I had read of number of short stories by Kage Baker, and really liked them, so thought I would try her The Company series of novels. I really like Kage Baker. First of all, she is a female sci fi writer. Secondly, she is a female sci fi writer ‘of a certain age’.
The Company is an organization formed in prehistory sometime (I think I’ve got that right) for the purpose of creating immortal cyborgs who will time-travel around, saving flora and fauna which will go extinct. They then replant those species in later centuries.
The cyborgs have great disdain for mortals, because of their awful tendency to kill each other and animals and destroy the environment. Plus, they don’t live long enough to be interesting. Picky, picky, picky.
In this first volume, we meet Mendoza, plucked by a Company recruiter from the nasty hands of the Spanish Inquisition in … where else?….. Spain in the 1500s, at the tender age of 4. Or 5. Born into a very poor family with a whole lotta kids, she does not know her name, having been called only ‘kid’ all her short life, wasn’t very sure of her exact age, and didn’t have a clue as to the family name. She was purchased by a high class woman named Mendoza for the purpose of training her for household tasks and education. The family was delighted to let her go — one less mouth to feed, one less body to cloth, and gee, look at all the money in that purse!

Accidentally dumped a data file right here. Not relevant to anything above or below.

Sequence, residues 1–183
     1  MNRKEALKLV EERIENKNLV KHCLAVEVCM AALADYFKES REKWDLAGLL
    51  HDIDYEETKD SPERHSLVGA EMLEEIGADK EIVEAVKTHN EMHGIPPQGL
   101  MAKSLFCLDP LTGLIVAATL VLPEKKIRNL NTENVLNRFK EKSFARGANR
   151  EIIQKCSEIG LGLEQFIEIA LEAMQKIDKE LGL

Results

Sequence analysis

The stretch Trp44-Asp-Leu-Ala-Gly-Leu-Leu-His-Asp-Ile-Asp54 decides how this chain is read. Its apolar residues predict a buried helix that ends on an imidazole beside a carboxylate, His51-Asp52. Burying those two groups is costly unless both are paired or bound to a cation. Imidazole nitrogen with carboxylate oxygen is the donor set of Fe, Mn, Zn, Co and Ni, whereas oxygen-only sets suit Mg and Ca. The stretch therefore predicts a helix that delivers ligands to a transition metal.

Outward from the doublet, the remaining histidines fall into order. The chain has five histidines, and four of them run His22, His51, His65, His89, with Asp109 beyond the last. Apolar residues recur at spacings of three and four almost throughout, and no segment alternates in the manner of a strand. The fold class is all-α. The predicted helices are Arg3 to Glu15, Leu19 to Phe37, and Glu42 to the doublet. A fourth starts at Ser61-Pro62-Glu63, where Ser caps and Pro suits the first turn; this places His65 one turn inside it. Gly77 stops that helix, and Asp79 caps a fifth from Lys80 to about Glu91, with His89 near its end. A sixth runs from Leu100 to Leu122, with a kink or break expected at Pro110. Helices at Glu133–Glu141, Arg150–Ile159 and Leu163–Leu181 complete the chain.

Anything being better than the treatment of the Spanish Inquisition, she agrees to be recruited, was taken to a center in Australia, where all kinds of technology was put into her body, and all kinds of training given. She is trained as a botanist.
At age 18, she is sent on her first assignment to England, in the 1600s during the reign of Queen Mary, to work in an obscure minor landowner’s garden to gather cuttings and seeds of plants that will be going extinct. There she is in the middle of the fight between the Catholics and the reformation protestant folks, falls in love with the landowner’s lanky extremist protestant secretary, and therein falls the twists and turns of an interesting plot of romance, secrecy, cool technology, and some gruesome burnings at the stake. Eeeuuu.
Nice way to learn a slice of the history of the time, the mores and cultural details of daily living (“Don’t eat the meat. It’s been hanging for a week and is filled with crawling bacillus.” ) and the dealings with bureaucracy (“can’t we requisition some new clothes? This dress if full of moth holes.”), bureaucracy being the bane of all existences, and to ponder the notion of boredom and happiness if you are immortal.
Loved this book. Maybe I am just at the right place to read it. Who knows. But am eager to get on with the second in the series and see where Mendoza goes next.